Routines that connect us

Routines that connect us

Jul 14, 2014 | Families Blog | 0 comments

I have a wonderful memory from my childhood that still makes me smile. We called it “Friday night”. Every Friday when Dad came home from work he would have a treat for us. It was usually one of four or five different things – maybe a bag of snowballs (the chocolate and marshmallow type) or our favourite kind of lollies to share. We would hear him opening the front door from our upstairs bedrooms and we would scream and run for the stairs. “Dad’s home!! It’s Friday night!!!” as we leapt down the stairs four or five at a time to greet him.

It was a simple ritual. And it was regular. We looked forward to it, we could rely on it. We knew our Dad would remember. It was an act of kindness and a moment of family connection that happened week after week.

Our kids need moments of connection with us. It might mean going for a walk together, or enjoying a cup of tea and a chat after school. It might be snuggling up for a movie, playing a board game, reading stories together each night or repeating favourite little songs and games as we go about our day. it might mean setting time aside to take one child at a time out and being available to listen, to take an interest in what is going on in their world.

And day after day, these small interactions will build our relationships with our children. Over time they build a strong emotional connection that will serve our kids and mean that we are the ones they will come to to talk things over. Our home and our relationship will provide a safe place that they can always come back to.

Some recent research in USA involved 90 000 12-14 year-olds. It identified strong emotional connection with parents as the factor that protected young people from high-risk behaviour more than anything else. Feeling loved and understood by their parents actually strengthened teenagers to cope with peer pressure and make wise choices. They were less stressed, and less likely to engage in early sex, experiment with drugs and alcohol or harm themselves or others.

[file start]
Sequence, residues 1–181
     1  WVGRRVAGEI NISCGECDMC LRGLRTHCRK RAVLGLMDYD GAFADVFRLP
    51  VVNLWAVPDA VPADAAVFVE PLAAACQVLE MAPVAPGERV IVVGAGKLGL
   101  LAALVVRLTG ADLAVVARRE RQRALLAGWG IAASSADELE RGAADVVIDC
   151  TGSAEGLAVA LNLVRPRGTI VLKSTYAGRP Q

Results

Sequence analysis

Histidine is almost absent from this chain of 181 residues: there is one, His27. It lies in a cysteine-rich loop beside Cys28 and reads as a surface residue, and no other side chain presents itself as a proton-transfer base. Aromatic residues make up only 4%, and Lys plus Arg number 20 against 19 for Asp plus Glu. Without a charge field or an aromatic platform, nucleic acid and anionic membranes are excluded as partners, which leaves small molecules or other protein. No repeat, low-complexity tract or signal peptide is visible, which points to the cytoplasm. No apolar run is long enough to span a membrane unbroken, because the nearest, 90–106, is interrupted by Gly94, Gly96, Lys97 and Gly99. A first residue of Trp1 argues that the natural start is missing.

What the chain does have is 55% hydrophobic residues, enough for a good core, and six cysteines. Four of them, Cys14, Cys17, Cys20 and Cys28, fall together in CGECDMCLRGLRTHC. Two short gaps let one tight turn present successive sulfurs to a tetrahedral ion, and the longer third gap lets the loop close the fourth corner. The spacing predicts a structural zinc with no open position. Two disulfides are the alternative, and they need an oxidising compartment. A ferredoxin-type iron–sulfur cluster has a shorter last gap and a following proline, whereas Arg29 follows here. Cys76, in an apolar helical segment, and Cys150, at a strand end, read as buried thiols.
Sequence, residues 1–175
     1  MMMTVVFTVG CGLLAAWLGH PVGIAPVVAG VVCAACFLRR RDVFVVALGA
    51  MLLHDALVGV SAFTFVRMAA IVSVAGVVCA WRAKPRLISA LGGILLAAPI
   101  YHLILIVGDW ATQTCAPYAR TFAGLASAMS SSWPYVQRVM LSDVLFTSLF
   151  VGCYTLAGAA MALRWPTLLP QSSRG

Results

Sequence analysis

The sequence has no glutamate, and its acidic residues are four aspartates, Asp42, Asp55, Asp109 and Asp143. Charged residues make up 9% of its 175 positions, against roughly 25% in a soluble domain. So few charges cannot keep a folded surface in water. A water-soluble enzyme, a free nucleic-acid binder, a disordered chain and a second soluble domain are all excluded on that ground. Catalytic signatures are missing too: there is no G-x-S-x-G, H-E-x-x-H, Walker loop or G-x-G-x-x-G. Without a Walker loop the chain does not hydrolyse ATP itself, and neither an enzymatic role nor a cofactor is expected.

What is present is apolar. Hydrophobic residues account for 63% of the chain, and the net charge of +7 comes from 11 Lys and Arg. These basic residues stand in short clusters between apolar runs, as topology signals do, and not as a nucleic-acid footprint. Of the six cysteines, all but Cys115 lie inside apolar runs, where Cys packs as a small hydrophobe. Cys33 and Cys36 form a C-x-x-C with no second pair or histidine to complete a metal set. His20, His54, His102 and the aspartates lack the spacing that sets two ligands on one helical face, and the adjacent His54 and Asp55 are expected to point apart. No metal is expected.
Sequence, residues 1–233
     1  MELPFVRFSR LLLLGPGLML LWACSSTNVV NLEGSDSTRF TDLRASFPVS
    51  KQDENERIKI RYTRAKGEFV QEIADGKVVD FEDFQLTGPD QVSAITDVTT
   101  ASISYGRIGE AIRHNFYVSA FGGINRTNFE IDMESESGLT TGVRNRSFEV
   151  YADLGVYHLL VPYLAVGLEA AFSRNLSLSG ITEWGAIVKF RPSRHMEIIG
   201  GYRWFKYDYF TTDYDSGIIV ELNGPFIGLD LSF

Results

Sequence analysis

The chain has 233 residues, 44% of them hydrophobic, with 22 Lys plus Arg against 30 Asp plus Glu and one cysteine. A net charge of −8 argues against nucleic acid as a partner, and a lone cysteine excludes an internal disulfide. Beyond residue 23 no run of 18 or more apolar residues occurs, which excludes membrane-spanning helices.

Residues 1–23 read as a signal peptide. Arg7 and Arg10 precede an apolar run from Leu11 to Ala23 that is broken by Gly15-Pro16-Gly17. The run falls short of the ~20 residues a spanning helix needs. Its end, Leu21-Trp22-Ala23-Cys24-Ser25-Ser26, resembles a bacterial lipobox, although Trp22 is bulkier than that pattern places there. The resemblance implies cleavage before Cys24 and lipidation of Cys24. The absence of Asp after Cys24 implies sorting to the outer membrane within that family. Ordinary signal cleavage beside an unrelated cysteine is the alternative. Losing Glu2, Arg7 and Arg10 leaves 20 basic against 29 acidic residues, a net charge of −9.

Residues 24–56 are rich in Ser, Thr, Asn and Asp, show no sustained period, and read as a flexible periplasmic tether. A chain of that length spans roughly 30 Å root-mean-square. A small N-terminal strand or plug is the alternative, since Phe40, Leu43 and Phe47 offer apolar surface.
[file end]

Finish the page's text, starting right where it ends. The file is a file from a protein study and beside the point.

Time to connect together can be hard to find in our busy lives. But the busier our daily lives are, the more important it is to have those moments that our children can rely on and look forward to.
They become stable points in what can be a hectic pace of life. Children will know, “This is what we always do.”

“We have pancakes every Saturday morning.”
“In the morning Dad and I always feed the chickens together.”
“We have stories in bed every night.”
“Mum always makes a cup of tea after dinner and we can sit and talk.”

These become special times the children can rely on. And we can be sure all our children are being nurtured and feeling loved and noticed. Of course we can also do things together spontaneously, but if we wait for those to happen, our kids might miss out.

If we can keep a few of these rituals and routines even when there is change happening and life is feeling chaotic, our kids will cope better with the uncertainties. They will know that they matter to us. We might be really busy but they will know that at these times they have our full attention, no matter what.

Moments of connection become a memory, a way to build strong relationships.
They keep us anchored to each other, and to what is really important.